Environment Canada says file already closed on March Suncor Spill
Environmental groups are calling on the federal government to investigate a March Suncor spill that leaked waste water into the Athabasca River.
Ecjojustice, speaking on behalf of five groups including Greepeace, sent a letter to Environment Canada requesting that charges be laid against Suncor under the Fisheries Act.
On March 25, 350,000 litres of waste water leaked into the Athabasca River over a period of about 10 hours due to a burst pipe at a Suncor plant near Fort McMurray.
“The information available thus far indicates that there is sufficient evidence to establish that a violation of the Fisheries Act has occurred,” said Melissa Gorrie, staff lawyer at Ecojustice.
“The federal government has the legal authority to hold Suncor to account for polluting one of Alberta’s biggest rivers, but whether it has the will to actually do so remains to be seen.”
Undiluted samples from March Suncor spill killed rainbow trout
Earlier this month an Alberta government investigation concluded the water released from the March Suncor spill was toxic to fish.
Alberta Environment and Sustainable Resource Development said undiluted samples from the spill killed rainbow trout fingerlings exposed to it.
Alberta Environment posted its findings on April 12 in a blog post, saying the rainbow trout used in the test were most likely killed by naphthenic acids, chemicals that occur naturally in bitumen.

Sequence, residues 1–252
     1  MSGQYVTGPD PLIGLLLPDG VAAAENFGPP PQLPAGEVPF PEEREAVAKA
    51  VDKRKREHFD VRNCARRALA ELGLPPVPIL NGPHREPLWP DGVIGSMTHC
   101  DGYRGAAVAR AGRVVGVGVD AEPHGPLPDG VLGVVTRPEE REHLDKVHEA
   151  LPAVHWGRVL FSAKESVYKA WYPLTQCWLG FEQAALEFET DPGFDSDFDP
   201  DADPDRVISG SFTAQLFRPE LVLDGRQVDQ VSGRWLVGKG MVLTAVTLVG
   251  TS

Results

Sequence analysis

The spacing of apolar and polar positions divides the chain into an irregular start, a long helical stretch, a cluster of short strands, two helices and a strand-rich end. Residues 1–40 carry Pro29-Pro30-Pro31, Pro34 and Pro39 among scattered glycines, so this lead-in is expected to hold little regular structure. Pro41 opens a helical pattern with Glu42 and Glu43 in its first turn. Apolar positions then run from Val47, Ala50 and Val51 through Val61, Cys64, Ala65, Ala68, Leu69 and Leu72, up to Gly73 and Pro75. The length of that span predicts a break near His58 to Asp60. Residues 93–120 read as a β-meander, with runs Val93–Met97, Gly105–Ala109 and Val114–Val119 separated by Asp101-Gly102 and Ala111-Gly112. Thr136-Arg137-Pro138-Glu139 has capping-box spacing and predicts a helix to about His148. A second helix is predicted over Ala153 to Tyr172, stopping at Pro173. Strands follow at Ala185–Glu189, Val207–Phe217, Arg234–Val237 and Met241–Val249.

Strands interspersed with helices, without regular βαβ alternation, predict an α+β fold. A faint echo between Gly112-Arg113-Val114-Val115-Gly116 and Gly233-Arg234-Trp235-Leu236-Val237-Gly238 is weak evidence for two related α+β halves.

But the province said that toxins were diluted in a storage pond before reaching the Athabasca River and the spill did not threaten humans.
“We are currently reviewing the effects of dilution of the process-affected water by both treated water in the combined outfall pipe and the river water,” the province said in the blog spot.
The province said full laboratory results cannot be released as they are considered evidence in the ongoing investigation into the incident.
On April 13, Suncor said that based on test results taken at the Athabasca River, the leaked water “had no detrimental impact on aquatic life.”
The company says they are expecting additional test results from Fort Chipewyan, about 250 km downstream from the leak, soon and a final report will be available by the end of April.
Environment Canada closes the file on March Suncor spill
According to media reports, Environment Canada has already closed the file on the leak, despite the fact the provincial government is still performing tests on the water.
Environment Canada spokeswoman Jirina Vlk sent an email to Canadian Press that said “there was not sufficient evidence to indicate a violation of the Fisheries Act.”
“Even though the tar sands are one of the biggest industrial projects on the planet, Canadians can’t get definitive answers on what’s being released into our air and water,” said Mike Hudema, climate and energy campaigner with Greenpeace Canada.
“The Federal government likes to talk tough when it comes to the tar sands — it’s time some of its actions matched its rhetoric.”
“Incidents like this illustrate the very real risks associated with oil sands operations,” said Gorrie.
“Canadians have the right to know how oilsands production impacts our air, water and land.”